Walk: a pretty route in Saxlingham Nethergate
PUBLISHED: 11:44 21 November 2017
This month Peter James of Norfolk Ramblers takes us around a walk just a few miles south of Norwich
5¾ miles 9.5km
Start from the car park by the recreation ground and playing field, about 250 yards from the church. Ordnance Survey maps Landranger 134 or Explorer 237, grid reference TM 234 969. Post code NR15 1TE
1. From the sports ground car park, with your back to the road, go left towards the sports pavilion and a children’s play area and exit via the small gate to the road. Turn right for a short distance, and then turn right into Hall Lane.
Pass a signed footpath on your left and then shortly afterwards, at a signed track, turn right along a bridleway with a hedge on the right to the road at Saxlingham Green. This path can be very boggy after rain; if bad return to the road, turn right, then right again at the cross roads. This will bring you opposite the telephone box.
At the road with speed restriction and give way signs, turn left along The Green, then right along a bridleway, opposite Chequer’s Lane, by a red telephone box (now redundant and a Boudicca Way information point). Initially the route follows a good track, then veers to the left and continues along a right edge as a path.
At the corner of the field, ignore a footbridge ahead; turn left, still following a right edge. The edge curves gently right and then turns half left, and then left again by a sign saying ‘Private Woodland Keep Out’. The track becomes clearer and firmer as it approaches the road.
2.Cross the road, turning very briefly right and then almost immediately left, follow a path into a field and turn right along the edge, then follow the edge round to the left.
Continue on this track between barbed wire fences to the end of a wood on your right. Turn right here on a gently rising path following ‘Boudicca Way’ signs to a road. Cross the road onto the path opposite across an open field to the corner of Little Wood and turn right along the edge of the wood. At the corner of the end of the wood with a ‘Boudicca Way’ sign, turn left to keep alongside the edge of the wood. At the end of the wood go ahead over a stile and leave the wood behind. Just beyond a house on the right at Stubb’s Green, follow ‘Boudicca Way’ signs round to the left, then right at the end of the meadow along the edge of Great Wood; continue ahead beyond the wood and soon bear right along a track with a hedge on the left.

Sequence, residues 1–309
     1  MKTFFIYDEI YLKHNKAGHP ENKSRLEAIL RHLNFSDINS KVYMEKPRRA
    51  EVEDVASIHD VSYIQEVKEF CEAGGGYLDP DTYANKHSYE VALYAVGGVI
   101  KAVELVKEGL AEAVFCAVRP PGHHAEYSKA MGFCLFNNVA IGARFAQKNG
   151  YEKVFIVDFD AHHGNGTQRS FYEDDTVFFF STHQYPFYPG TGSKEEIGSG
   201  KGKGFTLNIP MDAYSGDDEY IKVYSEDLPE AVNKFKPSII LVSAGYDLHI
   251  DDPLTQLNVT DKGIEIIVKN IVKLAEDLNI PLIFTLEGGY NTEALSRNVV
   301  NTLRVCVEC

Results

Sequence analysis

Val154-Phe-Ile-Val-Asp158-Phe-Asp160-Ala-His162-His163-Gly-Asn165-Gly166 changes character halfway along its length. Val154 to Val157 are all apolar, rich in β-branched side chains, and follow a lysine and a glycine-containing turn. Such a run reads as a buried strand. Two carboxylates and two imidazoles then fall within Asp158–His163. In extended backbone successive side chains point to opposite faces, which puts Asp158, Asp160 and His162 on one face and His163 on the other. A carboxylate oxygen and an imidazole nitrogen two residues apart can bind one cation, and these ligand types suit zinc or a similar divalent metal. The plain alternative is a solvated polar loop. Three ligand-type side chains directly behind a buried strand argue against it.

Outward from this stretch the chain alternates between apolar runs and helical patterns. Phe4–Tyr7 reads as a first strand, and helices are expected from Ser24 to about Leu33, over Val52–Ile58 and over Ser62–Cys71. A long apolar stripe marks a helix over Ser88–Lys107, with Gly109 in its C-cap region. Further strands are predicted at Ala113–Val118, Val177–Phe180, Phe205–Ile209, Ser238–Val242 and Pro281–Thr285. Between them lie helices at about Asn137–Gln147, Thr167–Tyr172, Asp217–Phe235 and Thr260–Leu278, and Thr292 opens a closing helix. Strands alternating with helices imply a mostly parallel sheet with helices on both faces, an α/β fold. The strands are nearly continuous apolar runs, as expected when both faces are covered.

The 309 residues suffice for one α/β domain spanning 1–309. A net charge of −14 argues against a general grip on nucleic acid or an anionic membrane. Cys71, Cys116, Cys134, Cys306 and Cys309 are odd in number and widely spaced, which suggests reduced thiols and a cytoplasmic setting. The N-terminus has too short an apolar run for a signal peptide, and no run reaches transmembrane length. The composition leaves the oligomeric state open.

3. At a crossing path turn left across an open field (or maybe round the left edge, and following round the corner) Go over a footbridge and around the left side of a large oak tree, then turn right to a field corner and follow a track round to the left to the end of the field. At the crossing track turn right to a hedge, then left to follow the hedge to a corner.
At this corner continue ahead rightwards across the open field to meet the junction of Wash Lane and Chequers Lane. Go across the junction, through a ford (if flooded use the footbridge on the left) and continue ahead and round a right bend in the road. As the road turns left continue ahead on a footpath.
At the end of an open section follow the path straight ahead, now with a hedge on your right. At the next corner turn left towards the church and through the churchyard, round the end of the church and follow the path from the church passing a large beech tree with a seat around it and out to the road with a school opposite and turn left back along the road to the car park.
This walk from Saxlingham Nethergate, including a section in the parish of Shotesham, has attractive views and although it does not go through woodland does pass alongside some mainly deciduous woods. Little Wood, its shape reminiscent of a mitten, and Great Wood, shaped like a boot, may once have been part of a much larger area of woodland.
St Mary, Saxlingham Nethergate
The church, and the nave in particular, looks all of its big 1860s restoration, when the aisle was rebuilt and the window traceries replaced. It boasts one of the best glass collections in the Norwich area. Not all of it came from this church, and some of the glass that we know was in the church in the 1860s is not there today. It has been set as if to display a collection, which makes it fun to look at and interesting to compare.
Perhaps of the greatest interest are four roundels which are the oldest figurative glass in East Anglia. They date from about 1250, and predate the famous early glass at Elsing. Two of them show scenes from the legend of St Edmund, East Anglia’s patron saint. In one, he is martyred; in another, he offers the arrows, the instruments of his martyrdom, as a gift to heaven. A third shows the brothers St James and St John, and the fourth is another pair of brothers, St Philip and St James the Less.